Month in review: January 2020

Is it just me, or did this January seem to stretch on for an eternity? It wasn’t a particularly eventful month for me, and the interesting things that did happen in my life were…not great. It was a good month of reading, though, and that’s what this post is about!

Books read:

Books in progress/goals for February:

I’m currently reading Mobituaries by Mo Rocca. The book is a tribute to influential people who didn’t get the obituary they deserved, or whose accomplishments and legacy seem to have been forgotten. I’m really enjoying this book so far, and will have a review up sometime next week.

In February, I plan to read at least these three books: Lot by Bryan Washington, Conversations with Friends by Sally Rooney, and Catch and Kill by Ronan Farrow.

Year of Yeh project:

This year, I’ve been posting about my goal to cook every recipe in Molly Yeh’s cookbook Molly on the Range. In January, I made five recipes from the cookbook. If I continue at this pace, I will end up making about 75% of the recipes in the cookbook (which I would definitely be happy with). The recipes I’ve made so far are: spaghetti & meatless balls, plain challah, scallion pancakes with carrot slaw, tahini blondies, and goulash with bread dumplings (pictured below in that order).

Notable blog posts:

I read so many wonderful blog posts and did a better-than-average (my personal average, that is) job of engaging with other bloggers this January. But I forgot to save my list of notable blog posts! I will remember to keep track of them in February.

Quotes/advice that helped me this month:

  • “There will always be someone who can’t see your worth. Don’t let it be you.” (this was posted on Vee’s blog, Millennial Life Crisis)
  • “Empathy without boundaries is self-destruction.” – unknown
  • “All my life had been muck and depths, but I was not a part of that dark water. I was a creature within it.” – Madeline Miller, Circe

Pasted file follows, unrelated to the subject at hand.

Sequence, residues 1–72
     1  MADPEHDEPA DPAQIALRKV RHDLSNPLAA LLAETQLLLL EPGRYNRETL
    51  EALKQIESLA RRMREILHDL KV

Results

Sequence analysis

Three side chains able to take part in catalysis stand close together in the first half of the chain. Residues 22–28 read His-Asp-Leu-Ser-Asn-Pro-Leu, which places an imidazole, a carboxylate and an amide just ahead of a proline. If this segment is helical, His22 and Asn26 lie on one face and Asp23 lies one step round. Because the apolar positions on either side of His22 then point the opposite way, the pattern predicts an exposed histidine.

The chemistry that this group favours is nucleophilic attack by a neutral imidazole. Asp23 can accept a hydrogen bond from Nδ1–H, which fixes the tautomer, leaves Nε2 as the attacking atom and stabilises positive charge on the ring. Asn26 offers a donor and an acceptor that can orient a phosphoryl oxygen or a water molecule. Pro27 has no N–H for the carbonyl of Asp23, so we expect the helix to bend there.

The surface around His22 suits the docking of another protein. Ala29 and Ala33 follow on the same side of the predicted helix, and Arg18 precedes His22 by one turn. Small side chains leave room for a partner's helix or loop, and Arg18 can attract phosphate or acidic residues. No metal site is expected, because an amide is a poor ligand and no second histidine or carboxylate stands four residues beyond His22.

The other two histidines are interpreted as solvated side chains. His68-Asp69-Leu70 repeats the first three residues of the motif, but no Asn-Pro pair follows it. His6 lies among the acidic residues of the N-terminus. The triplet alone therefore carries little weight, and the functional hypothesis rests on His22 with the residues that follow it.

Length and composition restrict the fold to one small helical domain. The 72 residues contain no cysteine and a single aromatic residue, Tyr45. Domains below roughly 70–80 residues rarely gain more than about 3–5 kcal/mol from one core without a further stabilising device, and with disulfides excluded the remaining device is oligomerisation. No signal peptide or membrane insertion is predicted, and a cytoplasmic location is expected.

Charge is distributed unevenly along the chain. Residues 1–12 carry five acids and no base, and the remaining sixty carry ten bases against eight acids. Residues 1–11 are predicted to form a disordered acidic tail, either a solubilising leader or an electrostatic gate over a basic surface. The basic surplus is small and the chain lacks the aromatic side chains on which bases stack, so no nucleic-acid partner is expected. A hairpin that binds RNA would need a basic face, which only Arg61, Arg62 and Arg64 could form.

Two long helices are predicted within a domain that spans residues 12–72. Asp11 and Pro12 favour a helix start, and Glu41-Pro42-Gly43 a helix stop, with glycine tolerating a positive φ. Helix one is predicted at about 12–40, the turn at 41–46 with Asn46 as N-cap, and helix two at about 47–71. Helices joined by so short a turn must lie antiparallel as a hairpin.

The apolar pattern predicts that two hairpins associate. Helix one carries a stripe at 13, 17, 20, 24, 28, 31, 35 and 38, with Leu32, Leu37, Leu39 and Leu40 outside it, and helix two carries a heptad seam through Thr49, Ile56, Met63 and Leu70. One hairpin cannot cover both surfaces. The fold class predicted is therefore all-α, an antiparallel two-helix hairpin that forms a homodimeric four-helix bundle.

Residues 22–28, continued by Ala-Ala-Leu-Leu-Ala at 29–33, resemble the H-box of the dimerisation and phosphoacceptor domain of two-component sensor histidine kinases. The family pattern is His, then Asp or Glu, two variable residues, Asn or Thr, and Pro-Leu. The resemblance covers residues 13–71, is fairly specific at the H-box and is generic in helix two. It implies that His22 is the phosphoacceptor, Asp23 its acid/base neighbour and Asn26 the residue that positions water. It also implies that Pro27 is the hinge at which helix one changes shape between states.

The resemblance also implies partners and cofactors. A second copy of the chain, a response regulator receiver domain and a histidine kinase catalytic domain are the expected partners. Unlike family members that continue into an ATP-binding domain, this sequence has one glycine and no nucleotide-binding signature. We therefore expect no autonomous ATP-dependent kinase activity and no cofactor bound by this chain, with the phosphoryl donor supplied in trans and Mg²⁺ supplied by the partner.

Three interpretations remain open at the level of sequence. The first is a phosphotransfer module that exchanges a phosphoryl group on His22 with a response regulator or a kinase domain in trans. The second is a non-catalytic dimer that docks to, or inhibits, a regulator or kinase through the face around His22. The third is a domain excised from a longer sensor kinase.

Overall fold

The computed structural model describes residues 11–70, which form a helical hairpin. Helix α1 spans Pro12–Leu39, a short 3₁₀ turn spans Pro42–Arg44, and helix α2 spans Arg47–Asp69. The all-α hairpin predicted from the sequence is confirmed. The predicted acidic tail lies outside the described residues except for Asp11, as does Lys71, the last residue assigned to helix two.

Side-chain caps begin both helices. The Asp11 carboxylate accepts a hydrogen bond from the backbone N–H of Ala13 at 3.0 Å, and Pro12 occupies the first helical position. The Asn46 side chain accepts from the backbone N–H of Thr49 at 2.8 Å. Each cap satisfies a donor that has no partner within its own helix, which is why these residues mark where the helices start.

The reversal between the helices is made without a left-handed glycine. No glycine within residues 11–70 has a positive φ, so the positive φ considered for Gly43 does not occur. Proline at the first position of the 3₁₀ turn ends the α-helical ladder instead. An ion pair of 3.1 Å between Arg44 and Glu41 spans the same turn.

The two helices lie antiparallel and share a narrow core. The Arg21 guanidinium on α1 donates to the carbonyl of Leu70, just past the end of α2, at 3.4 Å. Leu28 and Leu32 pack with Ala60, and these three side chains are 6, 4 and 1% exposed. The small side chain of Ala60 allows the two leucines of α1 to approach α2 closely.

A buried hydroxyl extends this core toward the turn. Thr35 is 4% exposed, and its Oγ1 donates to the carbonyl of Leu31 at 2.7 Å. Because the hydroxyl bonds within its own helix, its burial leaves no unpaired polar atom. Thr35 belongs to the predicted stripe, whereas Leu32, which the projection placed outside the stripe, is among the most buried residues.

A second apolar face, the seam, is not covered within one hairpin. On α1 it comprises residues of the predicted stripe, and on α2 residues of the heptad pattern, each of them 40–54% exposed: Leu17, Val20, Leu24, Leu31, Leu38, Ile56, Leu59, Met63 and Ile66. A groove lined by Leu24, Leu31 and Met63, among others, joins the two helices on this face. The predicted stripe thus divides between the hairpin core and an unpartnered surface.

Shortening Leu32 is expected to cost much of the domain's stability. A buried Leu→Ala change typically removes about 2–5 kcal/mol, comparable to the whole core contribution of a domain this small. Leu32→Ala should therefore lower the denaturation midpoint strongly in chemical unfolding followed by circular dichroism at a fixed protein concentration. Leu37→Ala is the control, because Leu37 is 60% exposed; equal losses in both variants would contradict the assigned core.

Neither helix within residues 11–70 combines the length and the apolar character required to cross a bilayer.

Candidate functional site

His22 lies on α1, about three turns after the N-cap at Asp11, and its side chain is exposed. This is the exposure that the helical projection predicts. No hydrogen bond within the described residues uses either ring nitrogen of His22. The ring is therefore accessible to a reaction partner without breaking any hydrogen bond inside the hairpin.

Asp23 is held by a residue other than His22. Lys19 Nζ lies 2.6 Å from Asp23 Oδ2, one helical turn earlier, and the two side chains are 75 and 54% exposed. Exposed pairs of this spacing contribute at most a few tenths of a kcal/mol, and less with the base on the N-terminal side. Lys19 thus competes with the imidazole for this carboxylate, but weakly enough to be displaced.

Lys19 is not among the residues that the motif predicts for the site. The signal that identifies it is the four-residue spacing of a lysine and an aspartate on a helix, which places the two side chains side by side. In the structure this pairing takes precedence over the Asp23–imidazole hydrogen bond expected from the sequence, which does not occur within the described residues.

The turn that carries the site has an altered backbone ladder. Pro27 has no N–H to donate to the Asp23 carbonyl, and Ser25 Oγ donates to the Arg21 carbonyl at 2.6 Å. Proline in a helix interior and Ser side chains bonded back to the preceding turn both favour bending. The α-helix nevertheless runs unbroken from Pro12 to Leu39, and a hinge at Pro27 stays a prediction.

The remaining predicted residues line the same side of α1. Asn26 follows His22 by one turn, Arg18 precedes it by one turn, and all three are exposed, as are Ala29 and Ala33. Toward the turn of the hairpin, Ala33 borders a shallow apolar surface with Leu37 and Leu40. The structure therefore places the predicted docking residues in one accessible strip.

January photo dump:

Book Review: Circe

The book: Circe by Madeline Miller
Genre: Fantasy
Rating: 4 stars out of 5

This weekend, I finished reading Madeline Miller’s Circe. This story takes the mythological figure Circe – the Greek goddess of magic who is most famous for turning Odysseus’ crew into swine in The Odyssey – and imagines her life story from her own perspective. In the novel, Circe is banished to an isolated desert island as punishment for using witchcraft to turn a mortal into a god. Alone on the island, she hones her magical abilities, entertains and helps visitors, and ultimately discovers who she is.

I tend not to read many fantasy novels, but I really enjoyed Circe! While the novel is centered around Greek mythology and contains many fantastical elements, the story is about so much more than fantasy and witchcraft. Circe is a book about finding yourself and staying true to your personal values.

One of the things I liked most about Circe was how author Madeline Miller characterized many of the famous Greek gods and heroes as power-hungry and narcissistic, while showing Circe as soft and compassionate. This portrayal spoke to me a lot, because in history (and in present-day America) we tend to glorify those who become powerful and successful, even though those people are not necessarily morally good. Circe shows that the people we deem “witches” might just be misfits who were never given the opportunity to tell their side of the story.

Circe also demonstrated how any person can thrive when they are in the right environment. Amongst the gods and goddesses, Circe is considered powerless and unlovable by her family, who generally ignore her. It is only after she is banished to the island of Aiaia – away from the influence of her destructive family – that she realizes that she is, in fact, powerful. As she hones her witchcraft on the island, she learns how to protect herself, express herself, and help others. This message is important, too: just because some people don’t see your worth, that doesn’t mean that it doesn’t exist.

The reason why I didn’t give this book 5 stars was because the plot was slightly too long-winded for me. Specifically, I thought that the scene where Jason and Medea visit the island could have been omitted, because it didn’t add that much to the story (in my opinion). Also, I’m not sure there needed to be two intense run-ins with Scylla…but that might be my disinterest for action scenes speaking.

Overall, I really enjoyed Circe, and the way it retold the story of a supposed evil witch. The book is full of self-discovery and growth, as well as many beautifully inspirational quotes, including this one: “All my life had been murk and depths, but I was not a part of that dark water. I was a creature within it.